ABN Amro's IPO could prove sweetly timed

The Pak Banker - - OPINION - Do­minic El­liott

ABN Amro, the poster child of the fi­nan­cial cri­sis, has al­most grown up. The state-owned Dutch bank on Aug. 21 re­ported a near-dou­bling of sec­ond-quar­ter earn­ings from a year ago to 600 mil­lion eu­ros ($675 mil­lion). Chief Ex­ec­u­tive Ger­rit Zalm says ABN is on track to sell up to 30 per­cent of its stock back to pri­vate in­vestors in the fourth quar­ter. Tim­ing is on his and the gov­ern­ment's side.

An en­cour­ag­ing start is ABN Amro's im­proved sec­ondquar­ter show­ing. The pro­vi­sions the bank took to cover fu­ture bad loans fell 90 per­cent year-on-year to just 34 mil­lion eu­ros, help­ing earn­ings in the first half rise strongly, and its an­nu­alised re­turn on eq­uity to hit a solid 15.3 per­cent.

It will take more than that for Dutch taxpayers to get their money back. The state na­tion­alised ABN in 2008, and has paid a to­tal of 21.7 bil­lion eu­ros for the do­mes­tic busi­ness of For­tis as well as ABN's Dutch, pri­vate bank­ing and clear­ing di­vi­sions. The gov­ern­ment has said the bank is cur­rently worth about 15 bil­lion eu­ros, just un­der its just-re­ported book value, sug­gest­ing a pa­per loss of about a third on the ini­tial share sale. To break even, the bank would need to fetch a val­u­a­tion of 1.4 times for­ward book value - higher than ri­val ING, which trades at 1.2 times. There is, how­ever, a par­al­lel with Royal Bank of Scot­land, the UK len­der put into state own­er­ship in 2007. The Bri­tish gov­ern­ment com­pleted its first sell­down in RBS shares ear­lier this month. The amount raised was sim­i­lar to the amount the Dutch state is seek­ing, and it was also about a third lower than the UK tax­payer's av­er­age in-price.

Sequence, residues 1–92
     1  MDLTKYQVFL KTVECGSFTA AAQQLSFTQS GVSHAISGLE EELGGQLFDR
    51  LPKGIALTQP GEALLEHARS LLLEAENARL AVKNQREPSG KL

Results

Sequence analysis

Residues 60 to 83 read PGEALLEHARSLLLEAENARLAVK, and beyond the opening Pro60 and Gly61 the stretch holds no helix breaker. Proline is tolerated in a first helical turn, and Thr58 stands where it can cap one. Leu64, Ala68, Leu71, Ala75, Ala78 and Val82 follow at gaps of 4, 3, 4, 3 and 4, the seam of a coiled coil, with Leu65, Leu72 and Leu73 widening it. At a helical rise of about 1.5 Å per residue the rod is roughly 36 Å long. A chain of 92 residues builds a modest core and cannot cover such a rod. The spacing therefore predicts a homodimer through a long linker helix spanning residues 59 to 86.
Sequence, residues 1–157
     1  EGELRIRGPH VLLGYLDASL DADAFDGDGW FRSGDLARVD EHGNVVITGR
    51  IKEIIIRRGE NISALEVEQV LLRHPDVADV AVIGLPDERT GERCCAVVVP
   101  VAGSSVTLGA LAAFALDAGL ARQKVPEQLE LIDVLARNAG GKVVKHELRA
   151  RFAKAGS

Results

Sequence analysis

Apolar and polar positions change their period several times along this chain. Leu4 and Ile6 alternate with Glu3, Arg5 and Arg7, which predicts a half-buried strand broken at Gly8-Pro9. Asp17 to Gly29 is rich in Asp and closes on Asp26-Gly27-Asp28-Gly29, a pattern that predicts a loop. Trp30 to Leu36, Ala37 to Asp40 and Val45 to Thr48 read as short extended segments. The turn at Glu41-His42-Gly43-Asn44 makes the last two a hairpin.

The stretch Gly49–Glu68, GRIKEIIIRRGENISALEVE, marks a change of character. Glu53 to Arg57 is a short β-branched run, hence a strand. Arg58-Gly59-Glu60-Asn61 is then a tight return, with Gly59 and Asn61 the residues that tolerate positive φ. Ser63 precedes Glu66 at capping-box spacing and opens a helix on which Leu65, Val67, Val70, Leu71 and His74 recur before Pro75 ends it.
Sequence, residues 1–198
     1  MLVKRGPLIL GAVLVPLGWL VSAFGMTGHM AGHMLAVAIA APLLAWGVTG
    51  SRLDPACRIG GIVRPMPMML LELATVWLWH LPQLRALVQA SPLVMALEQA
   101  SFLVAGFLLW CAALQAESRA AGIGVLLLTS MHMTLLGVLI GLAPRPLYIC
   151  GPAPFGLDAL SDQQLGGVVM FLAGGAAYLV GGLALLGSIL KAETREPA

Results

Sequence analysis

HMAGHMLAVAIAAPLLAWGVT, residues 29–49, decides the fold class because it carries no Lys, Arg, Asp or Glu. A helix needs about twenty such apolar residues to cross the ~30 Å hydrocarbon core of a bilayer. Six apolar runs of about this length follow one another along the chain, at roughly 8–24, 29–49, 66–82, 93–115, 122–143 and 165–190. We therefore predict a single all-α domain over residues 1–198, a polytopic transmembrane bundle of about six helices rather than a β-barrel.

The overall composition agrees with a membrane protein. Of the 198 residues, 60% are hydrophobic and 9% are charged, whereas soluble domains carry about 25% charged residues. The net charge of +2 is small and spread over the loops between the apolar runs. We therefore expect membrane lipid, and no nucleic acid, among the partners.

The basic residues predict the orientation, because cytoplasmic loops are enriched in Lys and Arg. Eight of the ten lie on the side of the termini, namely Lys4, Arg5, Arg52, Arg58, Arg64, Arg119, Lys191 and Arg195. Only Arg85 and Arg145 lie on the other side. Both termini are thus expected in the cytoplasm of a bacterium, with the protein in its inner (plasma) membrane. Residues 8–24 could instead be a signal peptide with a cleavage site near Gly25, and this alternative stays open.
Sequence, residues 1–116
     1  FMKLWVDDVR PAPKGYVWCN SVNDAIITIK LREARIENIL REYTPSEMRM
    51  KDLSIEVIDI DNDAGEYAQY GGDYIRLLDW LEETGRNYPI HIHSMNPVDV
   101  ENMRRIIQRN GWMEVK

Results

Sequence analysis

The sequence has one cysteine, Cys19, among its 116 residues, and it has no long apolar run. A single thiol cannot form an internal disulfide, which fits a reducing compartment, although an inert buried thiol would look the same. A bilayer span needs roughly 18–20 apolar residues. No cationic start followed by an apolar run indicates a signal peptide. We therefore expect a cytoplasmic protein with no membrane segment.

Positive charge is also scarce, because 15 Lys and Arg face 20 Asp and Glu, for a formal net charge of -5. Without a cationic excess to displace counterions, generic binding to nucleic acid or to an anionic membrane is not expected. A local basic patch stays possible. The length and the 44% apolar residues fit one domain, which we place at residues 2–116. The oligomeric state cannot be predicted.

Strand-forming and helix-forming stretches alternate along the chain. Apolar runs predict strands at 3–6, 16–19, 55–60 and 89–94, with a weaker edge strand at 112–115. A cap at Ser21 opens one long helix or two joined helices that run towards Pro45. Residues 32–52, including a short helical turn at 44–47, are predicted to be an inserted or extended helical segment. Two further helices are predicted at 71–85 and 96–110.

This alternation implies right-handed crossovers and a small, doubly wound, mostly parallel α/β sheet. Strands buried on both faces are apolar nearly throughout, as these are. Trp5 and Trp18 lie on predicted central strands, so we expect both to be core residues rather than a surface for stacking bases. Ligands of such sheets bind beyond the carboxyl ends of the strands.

As with RBS, such num­bers aren't to­tally help­ful. Sav­ing ABN from fail­ure may have paid other less easy-to-mea­sure eco­nomic div­i­dends. The In­ter­na­tional Mon­e­tary Fund fore­casts steady growth in the Nether­lands' GDP of 1.6 per­cent for this year and next. That sug­gests now is a good time to sell. A buoy­ant hous­ing mar­ket, lower un­em­ploy­ment and im­proved con­sumer con­fi­dence are also help­ing do­mes­tic peers Rabobank and ING. ABN looks healthy, with a com­mon eq­uity Tier 1 ra­tio of 14 per­cent, and a pledge to pay 40 per­cent of earn­ings in div­i­dends. A re­turn to the mar­ket should put ABN's trou­bled past com­fort­ably be­hind it.

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